Finance Minister Roy McTaggart

Government is turning to local banks with the hope of securing a $153 million loan to help pay off its $261 million bullet bond which is due to be repaid in full in November this year.

A request for proposals was issued on Friday, 13 Sept., for the refinancing of the bond and a “review and detailed analysis of viable financing options available in current financial markets”.

The deadline for proposals is 14 Oct. A 15‑year repayment term is being sought.

Finance Minister Roy McTaggart, speaking with the Cayman Compass on Monday about the RFP, said government is “hopeful that a number of the local clearing banks will submit proposals for the borrowing, that’s the aim”.

With a bullet bond, payments are typically held in abeyance until the due date and the full amount is required to be paid all at once when it matures.

The bullet bond or bullet loan was issued in 2009 by the former United Democratic Party administration, led by then-Premier McKeeva Bush.

Bush has often said he was forced to engage in borrowing at that time to pay recurring expenditures from the former People’s Progressive Movement government that had accumulated an operating deficit of $81 million the year prior (2008/09).

The bond is due in full on 19 Nov. and McTaggart said that the government’s plan is to secure the borrowing of $153 million and use $108 million from its own resources to pay off the bond when it matures.

The minister pointed out that the loan amount was approved by the Legislative Assembly in 2017.

“So we are only seeking to refinance that portion that has been approved already. We chose to go out to the local banking market because several, in fact, all of the clearing banks in Cayman had indicated a desire and a willingness to finance that amount of money for the government,” McTaggart said.

Government, he explained, will be seeking an amortising loan. This means it wants to be able to make monthly payments of principal and interest “rather than having a situation that we had with the bullet bond”.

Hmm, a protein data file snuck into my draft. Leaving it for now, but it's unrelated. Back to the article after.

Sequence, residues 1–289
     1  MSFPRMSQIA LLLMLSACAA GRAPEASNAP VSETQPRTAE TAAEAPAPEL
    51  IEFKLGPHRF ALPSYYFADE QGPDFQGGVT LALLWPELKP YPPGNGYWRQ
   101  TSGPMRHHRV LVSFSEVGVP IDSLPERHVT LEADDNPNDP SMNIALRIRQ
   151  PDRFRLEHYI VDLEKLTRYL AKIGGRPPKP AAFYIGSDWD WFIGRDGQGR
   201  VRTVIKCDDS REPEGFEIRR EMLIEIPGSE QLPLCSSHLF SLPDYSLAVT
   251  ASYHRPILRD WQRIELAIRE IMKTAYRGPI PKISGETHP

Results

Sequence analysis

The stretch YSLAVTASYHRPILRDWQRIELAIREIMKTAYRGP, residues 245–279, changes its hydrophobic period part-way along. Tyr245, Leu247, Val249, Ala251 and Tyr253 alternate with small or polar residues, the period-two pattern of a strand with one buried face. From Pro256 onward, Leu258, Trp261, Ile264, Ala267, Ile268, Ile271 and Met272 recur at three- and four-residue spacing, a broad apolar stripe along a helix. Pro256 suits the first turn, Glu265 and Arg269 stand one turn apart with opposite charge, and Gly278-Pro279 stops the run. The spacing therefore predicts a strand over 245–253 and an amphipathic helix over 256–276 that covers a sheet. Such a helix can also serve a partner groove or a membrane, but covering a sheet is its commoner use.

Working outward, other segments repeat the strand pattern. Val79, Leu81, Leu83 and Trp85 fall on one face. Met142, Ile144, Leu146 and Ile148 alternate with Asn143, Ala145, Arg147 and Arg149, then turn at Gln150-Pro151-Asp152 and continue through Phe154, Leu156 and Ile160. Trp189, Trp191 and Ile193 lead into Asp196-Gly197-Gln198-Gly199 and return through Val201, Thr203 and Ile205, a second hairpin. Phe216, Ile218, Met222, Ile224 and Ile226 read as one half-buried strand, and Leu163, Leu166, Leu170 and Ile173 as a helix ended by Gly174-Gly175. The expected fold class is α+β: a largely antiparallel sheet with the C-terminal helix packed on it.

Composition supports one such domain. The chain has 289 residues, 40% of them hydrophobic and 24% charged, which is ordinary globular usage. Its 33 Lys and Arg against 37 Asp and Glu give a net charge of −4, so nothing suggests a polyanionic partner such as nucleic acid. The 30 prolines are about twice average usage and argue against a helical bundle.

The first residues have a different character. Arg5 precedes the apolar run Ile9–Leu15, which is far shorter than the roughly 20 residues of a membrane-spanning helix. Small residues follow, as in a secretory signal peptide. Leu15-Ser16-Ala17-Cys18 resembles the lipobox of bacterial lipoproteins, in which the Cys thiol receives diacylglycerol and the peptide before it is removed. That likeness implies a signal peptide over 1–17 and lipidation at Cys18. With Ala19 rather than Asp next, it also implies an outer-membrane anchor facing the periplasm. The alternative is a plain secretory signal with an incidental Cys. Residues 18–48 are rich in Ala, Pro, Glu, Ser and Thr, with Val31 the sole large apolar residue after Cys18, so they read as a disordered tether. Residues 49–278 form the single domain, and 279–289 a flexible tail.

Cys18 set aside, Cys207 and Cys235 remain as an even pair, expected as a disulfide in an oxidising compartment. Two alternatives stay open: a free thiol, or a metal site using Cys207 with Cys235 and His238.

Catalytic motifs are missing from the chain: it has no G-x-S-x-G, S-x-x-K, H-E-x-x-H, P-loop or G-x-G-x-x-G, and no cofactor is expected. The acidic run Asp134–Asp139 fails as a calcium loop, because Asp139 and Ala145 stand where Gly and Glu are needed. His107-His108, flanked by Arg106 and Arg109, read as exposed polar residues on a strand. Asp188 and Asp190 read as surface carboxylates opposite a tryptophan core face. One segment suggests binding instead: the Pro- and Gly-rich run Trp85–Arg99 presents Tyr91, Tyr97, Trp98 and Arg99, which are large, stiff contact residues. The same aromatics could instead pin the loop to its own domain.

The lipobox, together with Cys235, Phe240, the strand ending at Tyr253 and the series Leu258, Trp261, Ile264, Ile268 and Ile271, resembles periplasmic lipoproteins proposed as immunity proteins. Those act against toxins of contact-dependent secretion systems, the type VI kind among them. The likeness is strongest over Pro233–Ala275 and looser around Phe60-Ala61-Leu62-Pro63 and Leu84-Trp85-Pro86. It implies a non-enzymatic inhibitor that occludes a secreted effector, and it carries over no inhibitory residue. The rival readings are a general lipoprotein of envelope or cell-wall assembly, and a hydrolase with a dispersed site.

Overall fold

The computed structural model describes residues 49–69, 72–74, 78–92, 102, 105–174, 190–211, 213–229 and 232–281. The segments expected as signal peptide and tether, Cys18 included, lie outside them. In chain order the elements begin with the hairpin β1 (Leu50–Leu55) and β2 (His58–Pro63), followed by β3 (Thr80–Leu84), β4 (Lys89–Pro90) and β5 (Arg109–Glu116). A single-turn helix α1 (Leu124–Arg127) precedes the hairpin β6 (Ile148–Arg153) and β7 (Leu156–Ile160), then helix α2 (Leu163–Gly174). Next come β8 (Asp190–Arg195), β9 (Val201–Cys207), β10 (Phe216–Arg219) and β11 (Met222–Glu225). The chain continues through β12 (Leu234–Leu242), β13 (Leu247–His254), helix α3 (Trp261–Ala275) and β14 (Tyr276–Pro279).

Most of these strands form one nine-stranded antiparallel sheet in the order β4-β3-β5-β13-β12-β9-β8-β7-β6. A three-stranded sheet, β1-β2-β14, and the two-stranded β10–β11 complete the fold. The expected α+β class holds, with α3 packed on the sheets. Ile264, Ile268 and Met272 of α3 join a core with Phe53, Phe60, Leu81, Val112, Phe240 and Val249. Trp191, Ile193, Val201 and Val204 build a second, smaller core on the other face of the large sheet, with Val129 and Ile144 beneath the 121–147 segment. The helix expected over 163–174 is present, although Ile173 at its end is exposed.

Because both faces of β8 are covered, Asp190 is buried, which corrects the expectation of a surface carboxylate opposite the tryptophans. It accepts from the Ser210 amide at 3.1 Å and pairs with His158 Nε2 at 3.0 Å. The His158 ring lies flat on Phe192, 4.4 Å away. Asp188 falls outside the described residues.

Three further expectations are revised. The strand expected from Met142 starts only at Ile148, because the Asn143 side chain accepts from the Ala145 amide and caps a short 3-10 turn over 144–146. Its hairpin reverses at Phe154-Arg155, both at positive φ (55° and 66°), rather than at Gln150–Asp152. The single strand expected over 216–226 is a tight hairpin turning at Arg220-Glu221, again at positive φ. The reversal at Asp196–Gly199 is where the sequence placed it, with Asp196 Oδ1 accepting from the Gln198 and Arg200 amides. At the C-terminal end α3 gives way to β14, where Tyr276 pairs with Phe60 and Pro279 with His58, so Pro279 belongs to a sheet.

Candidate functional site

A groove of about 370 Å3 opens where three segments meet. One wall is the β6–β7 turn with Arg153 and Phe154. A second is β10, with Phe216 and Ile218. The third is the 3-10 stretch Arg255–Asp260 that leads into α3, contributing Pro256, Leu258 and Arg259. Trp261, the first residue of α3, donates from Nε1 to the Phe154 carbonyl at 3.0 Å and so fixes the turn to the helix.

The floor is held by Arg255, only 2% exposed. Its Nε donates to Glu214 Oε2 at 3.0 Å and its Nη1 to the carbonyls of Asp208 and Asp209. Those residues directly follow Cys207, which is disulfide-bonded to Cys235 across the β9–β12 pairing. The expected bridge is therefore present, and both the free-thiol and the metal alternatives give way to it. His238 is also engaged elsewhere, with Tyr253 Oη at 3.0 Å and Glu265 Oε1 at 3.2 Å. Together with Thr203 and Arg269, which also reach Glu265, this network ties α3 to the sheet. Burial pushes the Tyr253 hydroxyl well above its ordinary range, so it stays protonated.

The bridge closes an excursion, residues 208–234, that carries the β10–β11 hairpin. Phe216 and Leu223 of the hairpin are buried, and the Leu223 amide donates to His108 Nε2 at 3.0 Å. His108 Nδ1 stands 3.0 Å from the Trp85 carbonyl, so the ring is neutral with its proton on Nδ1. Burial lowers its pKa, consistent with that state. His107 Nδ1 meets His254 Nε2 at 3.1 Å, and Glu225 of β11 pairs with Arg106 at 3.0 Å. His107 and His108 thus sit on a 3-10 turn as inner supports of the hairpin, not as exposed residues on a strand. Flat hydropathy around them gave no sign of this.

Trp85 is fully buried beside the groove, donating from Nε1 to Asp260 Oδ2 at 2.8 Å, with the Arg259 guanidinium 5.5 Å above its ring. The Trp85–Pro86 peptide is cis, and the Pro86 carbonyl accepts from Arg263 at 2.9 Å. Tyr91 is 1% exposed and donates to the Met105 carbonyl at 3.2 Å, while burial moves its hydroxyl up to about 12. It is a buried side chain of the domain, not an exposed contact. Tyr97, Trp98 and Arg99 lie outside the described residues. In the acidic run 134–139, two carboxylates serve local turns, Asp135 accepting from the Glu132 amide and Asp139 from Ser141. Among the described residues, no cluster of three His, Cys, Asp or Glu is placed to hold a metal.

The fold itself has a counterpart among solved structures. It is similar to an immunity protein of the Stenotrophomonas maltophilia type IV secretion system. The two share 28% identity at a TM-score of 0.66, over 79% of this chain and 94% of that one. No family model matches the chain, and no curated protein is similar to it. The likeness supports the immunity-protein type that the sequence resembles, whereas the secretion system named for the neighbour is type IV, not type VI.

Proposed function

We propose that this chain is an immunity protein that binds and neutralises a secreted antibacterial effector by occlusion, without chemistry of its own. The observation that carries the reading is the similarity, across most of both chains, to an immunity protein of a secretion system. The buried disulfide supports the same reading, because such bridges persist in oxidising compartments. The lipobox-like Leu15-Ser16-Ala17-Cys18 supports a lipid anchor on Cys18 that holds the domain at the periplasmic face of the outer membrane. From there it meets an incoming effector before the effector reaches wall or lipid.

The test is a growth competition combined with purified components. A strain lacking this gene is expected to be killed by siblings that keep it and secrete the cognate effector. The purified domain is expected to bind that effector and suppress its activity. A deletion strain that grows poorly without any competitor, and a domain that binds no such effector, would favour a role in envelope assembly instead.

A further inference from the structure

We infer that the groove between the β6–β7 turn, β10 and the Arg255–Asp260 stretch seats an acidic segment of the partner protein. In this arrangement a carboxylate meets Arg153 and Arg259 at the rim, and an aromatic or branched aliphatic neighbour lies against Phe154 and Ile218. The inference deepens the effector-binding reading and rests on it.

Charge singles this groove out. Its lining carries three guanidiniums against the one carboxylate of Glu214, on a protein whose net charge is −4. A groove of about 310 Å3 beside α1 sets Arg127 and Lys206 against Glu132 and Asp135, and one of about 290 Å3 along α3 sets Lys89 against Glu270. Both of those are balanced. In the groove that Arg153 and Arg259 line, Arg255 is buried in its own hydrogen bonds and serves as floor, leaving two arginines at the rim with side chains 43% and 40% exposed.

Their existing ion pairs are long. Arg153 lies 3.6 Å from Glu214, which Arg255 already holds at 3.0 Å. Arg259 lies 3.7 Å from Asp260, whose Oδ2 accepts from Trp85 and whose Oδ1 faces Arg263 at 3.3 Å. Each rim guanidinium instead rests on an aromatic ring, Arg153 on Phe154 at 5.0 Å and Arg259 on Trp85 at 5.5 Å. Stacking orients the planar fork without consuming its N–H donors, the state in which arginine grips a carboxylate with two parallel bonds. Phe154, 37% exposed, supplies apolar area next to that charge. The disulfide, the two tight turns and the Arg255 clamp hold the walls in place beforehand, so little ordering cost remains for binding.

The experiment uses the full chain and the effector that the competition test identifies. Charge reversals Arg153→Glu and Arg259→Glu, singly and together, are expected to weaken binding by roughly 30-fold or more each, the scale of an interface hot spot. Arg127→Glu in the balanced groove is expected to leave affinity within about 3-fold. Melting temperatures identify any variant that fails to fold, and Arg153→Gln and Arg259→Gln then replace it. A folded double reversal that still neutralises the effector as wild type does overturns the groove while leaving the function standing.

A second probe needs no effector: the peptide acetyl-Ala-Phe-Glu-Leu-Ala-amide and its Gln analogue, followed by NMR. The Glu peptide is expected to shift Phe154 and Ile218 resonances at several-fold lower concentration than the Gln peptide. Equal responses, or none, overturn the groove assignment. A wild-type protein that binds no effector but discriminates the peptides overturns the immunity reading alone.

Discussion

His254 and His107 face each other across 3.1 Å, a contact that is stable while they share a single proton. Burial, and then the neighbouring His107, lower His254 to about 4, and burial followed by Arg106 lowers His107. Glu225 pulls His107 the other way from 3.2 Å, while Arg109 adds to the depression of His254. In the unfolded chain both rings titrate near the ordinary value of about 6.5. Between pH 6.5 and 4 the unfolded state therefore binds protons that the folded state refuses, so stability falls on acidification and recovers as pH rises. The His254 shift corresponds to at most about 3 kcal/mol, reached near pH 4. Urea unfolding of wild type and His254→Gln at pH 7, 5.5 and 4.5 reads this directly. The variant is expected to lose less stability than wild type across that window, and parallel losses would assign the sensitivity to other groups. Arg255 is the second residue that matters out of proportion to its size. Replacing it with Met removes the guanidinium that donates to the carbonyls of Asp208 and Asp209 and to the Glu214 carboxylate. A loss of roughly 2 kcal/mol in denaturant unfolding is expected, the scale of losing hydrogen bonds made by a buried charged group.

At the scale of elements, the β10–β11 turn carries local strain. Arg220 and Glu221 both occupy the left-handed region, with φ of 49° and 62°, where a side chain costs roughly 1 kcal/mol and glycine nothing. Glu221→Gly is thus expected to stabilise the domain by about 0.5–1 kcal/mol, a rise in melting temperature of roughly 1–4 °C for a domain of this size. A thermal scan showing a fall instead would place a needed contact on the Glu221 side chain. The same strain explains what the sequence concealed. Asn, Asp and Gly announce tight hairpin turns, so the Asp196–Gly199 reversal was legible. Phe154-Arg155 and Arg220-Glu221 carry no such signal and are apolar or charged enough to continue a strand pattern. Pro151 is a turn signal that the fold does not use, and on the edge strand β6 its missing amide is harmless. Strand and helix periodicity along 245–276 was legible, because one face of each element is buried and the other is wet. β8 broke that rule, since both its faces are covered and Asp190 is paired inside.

He added, “In the bond market, it is more difficult to find people … willing to give you that type of amortising feature. They always want to hold it for a longer term, a fixed term with a bullet maturity. The banks are better prepared and willing and able to write these type of loans, and that’s what we [are] trying to achieve.”

The minister said government is aiming to work into the loan agreement the ability to repay the loan earlier “if we have the resources and can do so without there being or attracting any penalties for early repayment of the loan”.

McTaggart also stated that the loan will not present any issues with the Framework for Fiscal Responsibility. The FFR was set up by the UK government as a means to monitor the Cayman Islands government’s finances.

“It will certainly allow us to maintain compliance with the Framework for Fiscal Responsibility in all respects,” he said.

McTaggart said that, as a matter of courtesy, the Foreign and Commonwealth Office will be kept informed “on the developments and what finally emerges from this RFP”.

The minister added that the last government borrowing was in April 2011 in the amount of $154.1 million, and it was financed by one bank on island.

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